It IS about sizeIMG_0194

On top of being a special educator I am also an artist. Specifically, I am a muralist. The difference between drawing on the iPad2 and the iPad Pro is as different as drawing in a sketchbook and on a 15 ft wall. More space to create is 1000 times better! As far as having more space to create screencasts on Doceri the near $1000 purchase (129GB version) was completely worth it for what I want to accomplish with the machine. I will be producing more screencasts and so far I have been able to produce them faster because I don’t have pinch, zoom, and reposition the screen nearly as much. This is a minor set of actions, but when you’re doing that action 100 x’s per screencast the time adds up.

The Machine

IMG_0193The machine is beautiful! It’s thinner and lighter than my old iPad2. Thus, presenting in class is actually a lighter/ freer experience.  It’s also FAST!! Downloads and uploads of files are screaming! My aim was not to replace my district issued laptop but to add to my arsenal of productivity. I did purchase the backlit keyboard from Logitech. It’s light and easy to type on. So far, a win. I did also purchase the Apple Pencil. It is on back order until February (I ordered it on Dec 31st!) It will be very interesting to compare the Script to the Pencil. I highly recommend moving to a bigger and brighter new iPad screen if you’re going to be screencasting on a regular basis. It is worth it to me to spend more money on the stylus as not making errant marks with your palm saves time. My lesson making and drawing life is now 1000 times more enjoyable. Who knows what new developments this larger format will bring to production. For now, the iPad Pro and Doceri are helping me connect with my students and saving me time. What’s that worth?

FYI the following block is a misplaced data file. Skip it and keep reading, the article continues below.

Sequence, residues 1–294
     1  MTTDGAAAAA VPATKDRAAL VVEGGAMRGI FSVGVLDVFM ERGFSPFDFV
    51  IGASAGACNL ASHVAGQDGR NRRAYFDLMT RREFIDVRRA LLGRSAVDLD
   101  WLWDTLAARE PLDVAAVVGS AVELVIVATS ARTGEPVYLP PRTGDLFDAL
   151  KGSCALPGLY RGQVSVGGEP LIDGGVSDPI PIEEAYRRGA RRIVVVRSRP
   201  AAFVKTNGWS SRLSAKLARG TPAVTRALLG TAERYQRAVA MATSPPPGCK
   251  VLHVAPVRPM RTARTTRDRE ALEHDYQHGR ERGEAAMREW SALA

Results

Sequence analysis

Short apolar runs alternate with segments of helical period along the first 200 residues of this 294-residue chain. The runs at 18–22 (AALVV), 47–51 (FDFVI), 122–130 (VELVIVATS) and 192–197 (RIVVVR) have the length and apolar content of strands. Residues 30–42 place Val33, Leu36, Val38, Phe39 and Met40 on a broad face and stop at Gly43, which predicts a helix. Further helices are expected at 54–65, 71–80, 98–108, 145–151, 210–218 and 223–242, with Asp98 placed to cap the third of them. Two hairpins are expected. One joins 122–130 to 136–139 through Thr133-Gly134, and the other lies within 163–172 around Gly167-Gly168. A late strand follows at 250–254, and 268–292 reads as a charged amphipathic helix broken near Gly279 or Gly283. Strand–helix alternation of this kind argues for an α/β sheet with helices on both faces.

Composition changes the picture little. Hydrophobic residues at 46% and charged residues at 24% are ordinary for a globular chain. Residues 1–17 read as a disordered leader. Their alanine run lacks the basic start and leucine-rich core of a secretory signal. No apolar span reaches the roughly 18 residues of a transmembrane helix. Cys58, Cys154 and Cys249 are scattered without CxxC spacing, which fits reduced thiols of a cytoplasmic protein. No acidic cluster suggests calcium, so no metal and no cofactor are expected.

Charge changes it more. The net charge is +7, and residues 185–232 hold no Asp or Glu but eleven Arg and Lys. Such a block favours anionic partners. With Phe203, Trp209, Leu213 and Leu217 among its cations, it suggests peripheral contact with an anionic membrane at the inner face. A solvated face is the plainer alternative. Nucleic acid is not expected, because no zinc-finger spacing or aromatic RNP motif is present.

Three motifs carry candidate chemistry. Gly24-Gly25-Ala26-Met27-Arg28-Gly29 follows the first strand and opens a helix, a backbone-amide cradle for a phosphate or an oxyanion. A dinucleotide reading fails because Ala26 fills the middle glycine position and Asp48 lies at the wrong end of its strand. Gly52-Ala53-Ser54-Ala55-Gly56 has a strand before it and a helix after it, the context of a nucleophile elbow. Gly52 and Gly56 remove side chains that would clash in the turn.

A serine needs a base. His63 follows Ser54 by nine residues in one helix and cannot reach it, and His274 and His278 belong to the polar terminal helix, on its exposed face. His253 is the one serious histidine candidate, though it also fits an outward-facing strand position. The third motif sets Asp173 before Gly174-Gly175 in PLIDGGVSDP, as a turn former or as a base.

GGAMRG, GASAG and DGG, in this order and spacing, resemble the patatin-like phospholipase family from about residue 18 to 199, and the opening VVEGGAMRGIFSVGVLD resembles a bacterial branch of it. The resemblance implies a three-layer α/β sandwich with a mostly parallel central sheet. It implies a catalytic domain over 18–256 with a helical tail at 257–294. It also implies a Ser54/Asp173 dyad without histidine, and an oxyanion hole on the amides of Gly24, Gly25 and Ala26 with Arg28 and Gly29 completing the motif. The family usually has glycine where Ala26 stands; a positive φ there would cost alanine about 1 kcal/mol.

This is my first screencast using the iPad Pro (An example I made for my kids who are expected to make their first screencast to teach the class about Native Americans specific to a region of North America (pre colonization) using the text from TCI’s History Alive.): 

 

Doceri Screencast Film Festival: Benjamin Cogswell 1.1

I remember in grad school one of my professors telling me, “You don’t really know a concept well until you teach it to others.” This is an idea that stuck with me throughout my teaching career. It is the whole notion of making the students the teachers – pushing kids into the creating phase of Bloom’s taxonomy, and also kicking it up a notch when they are teaching an audience the concept. Above all, equipping the students with the tech tools of Doceri and screencasting, the students are given a venue to teach others as well. It has given the opportunity for all students to become a reviewable, rewindable, and some-what anonymous teacher for both their classmates and a larger audience as well.